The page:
The Senate Committee on Small Business and Entrepreneurship held a roundtable discussion on fostering start-ups, called Perspectives from the Entrepreneurial Ecosystem: Creating Jobs and Growing Businesses Through Entrepreneurship.
Chairman Landrieu and Members of the Senate Committee on Small Business and Entrepreneurship, on behalf of the Young Entrepreneur Council, an organization comprising many of our nation’s most successful young entrepreneurs, and the #FixYoungAmerica movement, a solutions-based effort that aims to highlight proven solutions to youth unemployment, I’d like to thank you for inviting me to speak today about how to help our nation’s young people create much-needed jobs for Americans through entrepreneurship.
In the past year and a half, the Young Entrepreneur Council has been working diligently to mentor, train and develop young American entrepreneurs—because we strongly believe entrepreneurship is a viable, practical solution to youth un- and underemployment. I address you today on behalf of those young entrepreneurs, because they need your help in order to lead this country forward.
As a result, one in four young Americans moved back in with their parents after living on their own. Thirty-one percent postponed marriage or starting a family. And many would-be entrepreneurs are sidelined indefinitely due to student loan repayments and lack of cash flow.
Despite these harsh realities, youth entrepreneurship is ever-present, as demonstrated by the recent college graduate segment of the 2011 Young Entrepreneur Council/Buzz Marketing Group annual youth entrepreneurship survey—which found that 29 percent of recent grads are self-employed, up from 20 percent in 2010. Thirty percent started a business in college, up from 19 percent in 2010. Fourteen percent started a business as a result of being unemployed, and 35 percent have started a side business to earn extra income.
We believe that the bipartisanship displayed during the recent passage of the JOBS Act in Congress sends a strong message to all Americans, but especially to our youth, that their elected officials believe in US citizens’ ability to empower themselves to improve their economic situation. These are exactly the kind of proactive reforms YEC has been fighting for.
But I believe our elected representatives must be even bolder—in fact, I believe we owe it to our youngest entrepreneurs to be so bold. Millennials must be empowered to funnel their entrepreneurial energy into solving joblessness and economic malaise, or risk becoming a lost generation.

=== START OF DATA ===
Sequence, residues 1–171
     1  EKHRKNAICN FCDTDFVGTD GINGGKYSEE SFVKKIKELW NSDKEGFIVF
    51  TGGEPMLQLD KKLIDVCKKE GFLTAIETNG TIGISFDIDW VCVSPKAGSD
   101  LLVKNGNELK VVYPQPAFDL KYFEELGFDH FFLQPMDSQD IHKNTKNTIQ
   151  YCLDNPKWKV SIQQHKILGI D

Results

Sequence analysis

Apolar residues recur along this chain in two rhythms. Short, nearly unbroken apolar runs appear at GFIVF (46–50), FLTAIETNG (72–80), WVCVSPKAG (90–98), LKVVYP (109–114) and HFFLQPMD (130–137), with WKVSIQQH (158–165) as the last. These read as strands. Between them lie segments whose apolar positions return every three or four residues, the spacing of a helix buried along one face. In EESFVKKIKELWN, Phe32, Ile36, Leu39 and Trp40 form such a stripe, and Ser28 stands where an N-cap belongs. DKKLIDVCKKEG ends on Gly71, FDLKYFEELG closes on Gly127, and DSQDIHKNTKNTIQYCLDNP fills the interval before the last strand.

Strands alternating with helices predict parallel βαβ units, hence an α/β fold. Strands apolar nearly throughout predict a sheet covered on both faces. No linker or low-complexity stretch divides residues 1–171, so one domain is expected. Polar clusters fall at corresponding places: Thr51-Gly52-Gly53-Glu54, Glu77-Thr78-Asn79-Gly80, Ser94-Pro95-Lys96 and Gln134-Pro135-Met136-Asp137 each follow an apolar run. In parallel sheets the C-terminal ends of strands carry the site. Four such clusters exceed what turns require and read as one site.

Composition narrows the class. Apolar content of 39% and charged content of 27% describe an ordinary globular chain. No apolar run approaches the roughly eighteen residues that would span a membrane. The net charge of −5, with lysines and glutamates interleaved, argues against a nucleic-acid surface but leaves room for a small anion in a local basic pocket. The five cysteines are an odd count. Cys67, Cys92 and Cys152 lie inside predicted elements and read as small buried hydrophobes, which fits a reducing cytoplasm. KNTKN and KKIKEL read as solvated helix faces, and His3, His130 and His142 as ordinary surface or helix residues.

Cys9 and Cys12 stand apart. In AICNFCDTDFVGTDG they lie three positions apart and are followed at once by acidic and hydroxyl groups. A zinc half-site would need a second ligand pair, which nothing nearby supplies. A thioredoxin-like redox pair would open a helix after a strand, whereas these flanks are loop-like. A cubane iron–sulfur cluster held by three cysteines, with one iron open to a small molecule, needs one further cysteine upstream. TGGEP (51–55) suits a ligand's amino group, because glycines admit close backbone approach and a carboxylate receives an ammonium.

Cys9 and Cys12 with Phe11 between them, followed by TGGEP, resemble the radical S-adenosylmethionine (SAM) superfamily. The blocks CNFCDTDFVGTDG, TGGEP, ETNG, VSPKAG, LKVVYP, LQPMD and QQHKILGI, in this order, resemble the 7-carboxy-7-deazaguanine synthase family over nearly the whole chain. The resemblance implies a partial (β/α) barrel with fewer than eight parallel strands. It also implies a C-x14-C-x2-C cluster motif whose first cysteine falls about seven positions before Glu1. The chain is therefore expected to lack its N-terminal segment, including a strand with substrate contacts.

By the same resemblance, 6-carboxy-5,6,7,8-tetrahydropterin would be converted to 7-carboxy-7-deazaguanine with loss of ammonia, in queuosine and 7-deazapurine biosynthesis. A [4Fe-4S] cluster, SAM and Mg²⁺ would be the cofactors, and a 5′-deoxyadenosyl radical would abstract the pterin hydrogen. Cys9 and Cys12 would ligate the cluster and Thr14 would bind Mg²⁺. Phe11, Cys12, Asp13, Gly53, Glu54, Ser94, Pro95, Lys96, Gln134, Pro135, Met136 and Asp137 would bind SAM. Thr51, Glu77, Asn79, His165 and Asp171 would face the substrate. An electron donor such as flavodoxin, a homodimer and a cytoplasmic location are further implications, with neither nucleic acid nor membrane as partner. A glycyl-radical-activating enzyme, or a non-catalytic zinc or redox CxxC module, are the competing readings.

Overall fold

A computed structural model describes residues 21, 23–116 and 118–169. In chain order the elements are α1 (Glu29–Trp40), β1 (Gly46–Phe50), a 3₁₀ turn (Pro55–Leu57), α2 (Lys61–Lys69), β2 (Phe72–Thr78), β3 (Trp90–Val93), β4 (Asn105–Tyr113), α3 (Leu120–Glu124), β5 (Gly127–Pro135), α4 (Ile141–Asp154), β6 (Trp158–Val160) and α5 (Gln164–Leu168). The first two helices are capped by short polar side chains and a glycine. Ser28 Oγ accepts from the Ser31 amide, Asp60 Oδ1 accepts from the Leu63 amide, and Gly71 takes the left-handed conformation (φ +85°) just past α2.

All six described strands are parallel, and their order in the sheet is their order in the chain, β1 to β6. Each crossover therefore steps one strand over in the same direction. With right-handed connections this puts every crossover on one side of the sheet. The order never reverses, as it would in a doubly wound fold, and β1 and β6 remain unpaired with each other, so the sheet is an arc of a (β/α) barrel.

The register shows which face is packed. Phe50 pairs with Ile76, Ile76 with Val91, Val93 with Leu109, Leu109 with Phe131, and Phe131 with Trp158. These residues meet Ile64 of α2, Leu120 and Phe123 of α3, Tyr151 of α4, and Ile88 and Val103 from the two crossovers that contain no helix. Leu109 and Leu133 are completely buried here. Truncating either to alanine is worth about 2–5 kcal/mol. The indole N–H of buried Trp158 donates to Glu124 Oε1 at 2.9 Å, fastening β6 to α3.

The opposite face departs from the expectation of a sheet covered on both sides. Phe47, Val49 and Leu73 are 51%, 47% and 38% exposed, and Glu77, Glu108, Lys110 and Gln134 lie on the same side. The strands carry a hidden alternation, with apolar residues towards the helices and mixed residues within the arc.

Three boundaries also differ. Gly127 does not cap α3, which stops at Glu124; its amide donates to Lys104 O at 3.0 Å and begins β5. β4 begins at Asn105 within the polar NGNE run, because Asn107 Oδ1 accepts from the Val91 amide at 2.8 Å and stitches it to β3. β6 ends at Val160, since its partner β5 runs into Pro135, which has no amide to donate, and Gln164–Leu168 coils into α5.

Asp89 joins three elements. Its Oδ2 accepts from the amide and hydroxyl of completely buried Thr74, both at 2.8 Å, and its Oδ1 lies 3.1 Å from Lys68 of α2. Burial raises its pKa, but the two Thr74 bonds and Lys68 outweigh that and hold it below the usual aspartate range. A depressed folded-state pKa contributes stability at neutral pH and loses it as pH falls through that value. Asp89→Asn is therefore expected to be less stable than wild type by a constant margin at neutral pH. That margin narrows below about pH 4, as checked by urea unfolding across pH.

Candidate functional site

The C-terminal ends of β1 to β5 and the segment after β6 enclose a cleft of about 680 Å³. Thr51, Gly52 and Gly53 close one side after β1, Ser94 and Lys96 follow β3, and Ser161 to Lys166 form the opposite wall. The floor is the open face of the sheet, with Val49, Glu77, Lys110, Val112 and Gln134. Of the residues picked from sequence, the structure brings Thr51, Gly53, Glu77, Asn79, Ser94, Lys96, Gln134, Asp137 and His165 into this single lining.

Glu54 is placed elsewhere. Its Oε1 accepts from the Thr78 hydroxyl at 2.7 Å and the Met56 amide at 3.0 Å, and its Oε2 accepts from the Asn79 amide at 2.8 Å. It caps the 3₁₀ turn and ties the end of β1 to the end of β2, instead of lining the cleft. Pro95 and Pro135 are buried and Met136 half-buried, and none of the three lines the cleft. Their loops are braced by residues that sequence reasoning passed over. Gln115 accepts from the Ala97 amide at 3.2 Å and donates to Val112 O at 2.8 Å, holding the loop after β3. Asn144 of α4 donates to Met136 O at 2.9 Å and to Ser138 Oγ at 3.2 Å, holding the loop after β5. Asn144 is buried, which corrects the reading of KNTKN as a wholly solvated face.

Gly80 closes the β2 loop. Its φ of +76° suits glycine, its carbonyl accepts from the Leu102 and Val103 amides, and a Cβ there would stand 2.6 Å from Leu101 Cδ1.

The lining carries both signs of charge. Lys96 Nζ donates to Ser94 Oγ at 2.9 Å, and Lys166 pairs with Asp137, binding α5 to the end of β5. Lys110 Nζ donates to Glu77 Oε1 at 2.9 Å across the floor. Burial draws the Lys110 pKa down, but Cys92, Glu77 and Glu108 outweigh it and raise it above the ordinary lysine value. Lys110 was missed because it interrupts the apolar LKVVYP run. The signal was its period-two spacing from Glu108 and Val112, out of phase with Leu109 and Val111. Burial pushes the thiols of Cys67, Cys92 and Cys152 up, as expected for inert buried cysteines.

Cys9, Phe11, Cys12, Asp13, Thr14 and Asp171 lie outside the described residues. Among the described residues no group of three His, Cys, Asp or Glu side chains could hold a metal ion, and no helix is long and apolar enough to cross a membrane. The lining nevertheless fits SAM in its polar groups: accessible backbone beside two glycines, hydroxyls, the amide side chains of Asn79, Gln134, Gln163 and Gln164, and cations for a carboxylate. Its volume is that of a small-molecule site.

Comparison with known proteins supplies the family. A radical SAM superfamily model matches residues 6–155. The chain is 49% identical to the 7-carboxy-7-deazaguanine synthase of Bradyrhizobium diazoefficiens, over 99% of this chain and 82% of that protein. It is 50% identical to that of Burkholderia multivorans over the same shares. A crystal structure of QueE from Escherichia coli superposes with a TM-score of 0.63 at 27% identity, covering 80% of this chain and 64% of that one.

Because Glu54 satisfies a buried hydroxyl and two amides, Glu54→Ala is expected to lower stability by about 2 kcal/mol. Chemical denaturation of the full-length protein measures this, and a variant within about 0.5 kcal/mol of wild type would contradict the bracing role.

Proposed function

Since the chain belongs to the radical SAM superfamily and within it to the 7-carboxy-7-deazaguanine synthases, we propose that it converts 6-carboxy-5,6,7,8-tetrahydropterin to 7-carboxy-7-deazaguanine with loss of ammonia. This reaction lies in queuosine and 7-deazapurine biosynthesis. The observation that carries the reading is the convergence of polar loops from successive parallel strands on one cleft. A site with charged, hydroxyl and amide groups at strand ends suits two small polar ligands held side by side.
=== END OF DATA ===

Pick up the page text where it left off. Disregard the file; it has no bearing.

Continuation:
Members of the Committee, this is not an abstract endeavor. The YEC, along with partners like Junior Achievement, Babson College, Codecademy, Network for Teaching Entrepreneurship, National Association for Community College Entrepreneurship and Venture for America, have identified a handful of tried-and-true approaches that are already successfully fostering entrepreneurship education initiatives and youth business creation all over America.
Today, I want to address three specific areas that the YEC and our partners wish to call attention to: young veterans, young entrepreneurs in general, and the Startup Visa.
First, let’s talk about our veterans. While overall unemployment is a little over 8 percent, 29.1 percent of male veterans and 36.1 percent of female veterans ages eighteen to twenty-four were unemployed in 2011—compared to 17.6 and 14.5 percent, respectively, of nonveteran young men and women of the same age.
Veterans are hard-working, passionate risk takers who put the mission before the man—qualities that also describe successful entrepreneurs. Overall, they own about 2.4 million, or 9 percent, of all American businesses. When you count businesses in which they’re at least half-owners, those numbers rise—to 3.7 million businesses and 8.2 million employees. Given this, we must ask ourselves: Instead of only helping returning young vets seek jobs, why aren’t we doing even more to help them create jobs?
To do exactly that, we ask the Committee to consider including provisions from two important bills in your efforts to support entrepreneurship through new legislation. The first is the Veterans Entrepreneurial Transition (VET) Act of 2011, a game-changing bill (that’s gotten zero fanfare in the media) that would allow qualifying veterans to use GI Bill entitlements to start or purchase a business or franchise.